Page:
Sola Busca tarot
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The Sola Busca tarot is the earliest known example of a 78-card Tarot card deck. It was created by an unknown artist and engraved onto metal in the late 15th century. Photographs of a complete version of the deck were donated to the British Museum by the Sola-Busca family of Milan in 1907. In this way, the scholar Arthur Mayger Hind, curator at the British Museum and art historian of old master prints, was able to compare the color version owned by the Sola Busca family with the cards held by the British Museum in a printed version purchased by the British Museum in 1845. (see Sola Busca cards at British Museum)
In 1938, Arthur Mayger Hind described the Sola Busca Tarot in his Early Italian Engravings and supposed that the deck was engraved around 1490 and then hand painted in 1491, as results reading some inscriptions on the cards. He also supposed that the deck was created for a Venetian client by Mattia Serrati da Cosandola, a miniaturist operating in Ferrara. In fact, many inscriptions on the cards refer without any doubt to the Republic of Venice.
In 1987, on the catalog of a great Tarot exhibition realized at the Estense Castle of Ferrara, Italian historian Giordano Berti wrote a summary of all researches made to that moment by various scholars.
In 1995 the italian scholar Sofia Di Vincenzo, in her book titled Antichi Tarocchi illuminati. L’alchimia nei Tarocchi Sola-Busca (Turin, 1995 and Stamford, 1998), proved that many images of the Sola Busca deck are related to the alchemical thought of the Renaissance.
The Sola-Busca deck comprises 78 cards including 22 trumps (called the "Major Arcana" in occult circles) and 56 suit cards ("Minor Arcana"). It is the earliest known tarot deck to be structured this way, a structure which most contemporary occult tarot decks emulate, including the Rider-Waite and Thoth tarot decks. It is also the earliest known Tarot deck in which the trump cards are named and numbered, and the earliest known deck to include rich artwork for all 56 suit cards.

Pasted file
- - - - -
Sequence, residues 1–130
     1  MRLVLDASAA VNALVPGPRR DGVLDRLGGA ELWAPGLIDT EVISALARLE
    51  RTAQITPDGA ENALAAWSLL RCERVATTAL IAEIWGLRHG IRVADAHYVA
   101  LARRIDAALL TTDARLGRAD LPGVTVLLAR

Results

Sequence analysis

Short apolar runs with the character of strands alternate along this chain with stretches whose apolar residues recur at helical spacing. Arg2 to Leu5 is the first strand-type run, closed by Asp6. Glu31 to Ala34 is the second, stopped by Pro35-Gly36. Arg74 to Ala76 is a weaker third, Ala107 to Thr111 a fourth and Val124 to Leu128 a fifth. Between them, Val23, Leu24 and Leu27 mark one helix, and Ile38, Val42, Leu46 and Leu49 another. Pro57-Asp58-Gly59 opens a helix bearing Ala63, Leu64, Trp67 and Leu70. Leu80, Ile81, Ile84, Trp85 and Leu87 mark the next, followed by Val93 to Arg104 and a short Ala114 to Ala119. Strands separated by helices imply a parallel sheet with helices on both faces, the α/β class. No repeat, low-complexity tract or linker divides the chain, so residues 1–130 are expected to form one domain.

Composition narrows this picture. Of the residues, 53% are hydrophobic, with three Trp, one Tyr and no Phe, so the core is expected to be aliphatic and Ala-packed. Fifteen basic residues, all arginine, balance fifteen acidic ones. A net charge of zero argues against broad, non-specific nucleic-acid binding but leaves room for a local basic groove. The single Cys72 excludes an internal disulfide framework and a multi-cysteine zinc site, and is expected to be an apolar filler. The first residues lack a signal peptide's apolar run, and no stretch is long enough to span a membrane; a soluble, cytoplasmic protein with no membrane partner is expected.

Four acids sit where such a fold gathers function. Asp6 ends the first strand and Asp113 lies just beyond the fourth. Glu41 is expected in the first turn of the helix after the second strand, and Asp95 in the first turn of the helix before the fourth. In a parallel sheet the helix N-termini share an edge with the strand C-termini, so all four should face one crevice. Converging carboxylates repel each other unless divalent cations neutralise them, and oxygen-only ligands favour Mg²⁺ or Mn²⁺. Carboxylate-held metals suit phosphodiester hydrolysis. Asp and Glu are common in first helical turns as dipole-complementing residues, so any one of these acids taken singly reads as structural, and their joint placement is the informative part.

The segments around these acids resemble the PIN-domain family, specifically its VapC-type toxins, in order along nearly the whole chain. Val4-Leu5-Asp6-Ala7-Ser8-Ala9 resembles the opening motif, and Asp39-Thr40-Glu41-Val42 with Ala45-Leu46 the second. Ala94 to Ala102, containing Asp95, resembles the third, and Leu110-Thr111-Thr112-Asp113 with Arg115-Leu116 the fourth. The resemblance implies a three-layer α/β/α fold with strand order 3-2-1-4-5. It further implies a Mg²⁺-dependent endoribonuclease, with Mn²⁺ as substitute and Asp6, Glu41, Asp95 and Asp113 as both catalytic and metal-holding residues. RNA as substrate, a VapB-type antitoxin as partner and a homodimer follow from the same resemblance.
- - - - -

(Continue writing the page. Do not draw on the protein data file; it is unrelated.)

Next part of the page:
The characters depicted in the Sola-Busca cards include Nebuchadnezzar and Gaius Marius, the uncle of Julius Caesar. The Major Arcana cards loosely follow the rise and fall of the Roman Empire, but also include members of the Roman Pantheon such as Bacchus.
The similarities between artwork of the Minor Arcana of the Rider-Smith-Waite deck and Sola-Busca's Minor Arcana has led some scholars to suggest that artist Pamela Colman Smith drew inspiration from the earlier work. Smith created the art for the Rider deck two years after the acquisition of the Sola-Busca deck by the British Museum, and could very likely have been directed by Rider to emulate the photographs on display there. Notable similarities include the Three of Swords card and the Ten of Wands card in the Rider deck, which is almost identical to the Ten of Swords card in the Sola-Busca deck.
A full version of Sola-Busca Tarot was re-issued in 1998 by Wolfgang Mayer in Germany. (see History of Sola Busca Tarot)
- Hind, Arthur (1938). Early Italian Engravings, vol. I e IV. pp. 241–247, 370–393.
- Berti, Giordano (1987). Le Carte di Corte. Gioco e Magia alla Corte degli Estensi. Bologna: Nuova Alfa Editoriale. pp. 88–91. ISBN 88-7779-016-4.
- Di Vincenzo, Sofia (1998). Sola Busca Tarot. Stamford: U.S.Games Systems. pp. 25–33. ISBN 1-57281-130-7.
- "I tarocchi Sola Busca" (PDF). pinacotecabrera.org.
- Gnaccolini, Laura (2012). Il segreto dei segreti: i tarocchi Sola Busca e la cultura ermetico-alchemica tra Marche e Veneto alla fine del Quattrocento. Milano: Skira. ISBN 978-88-572-1764-2.
- Kaplan, Stuart (1990). Encyclopedia of Tarot. III. Stamford: U.S.Games Systems. p. 30.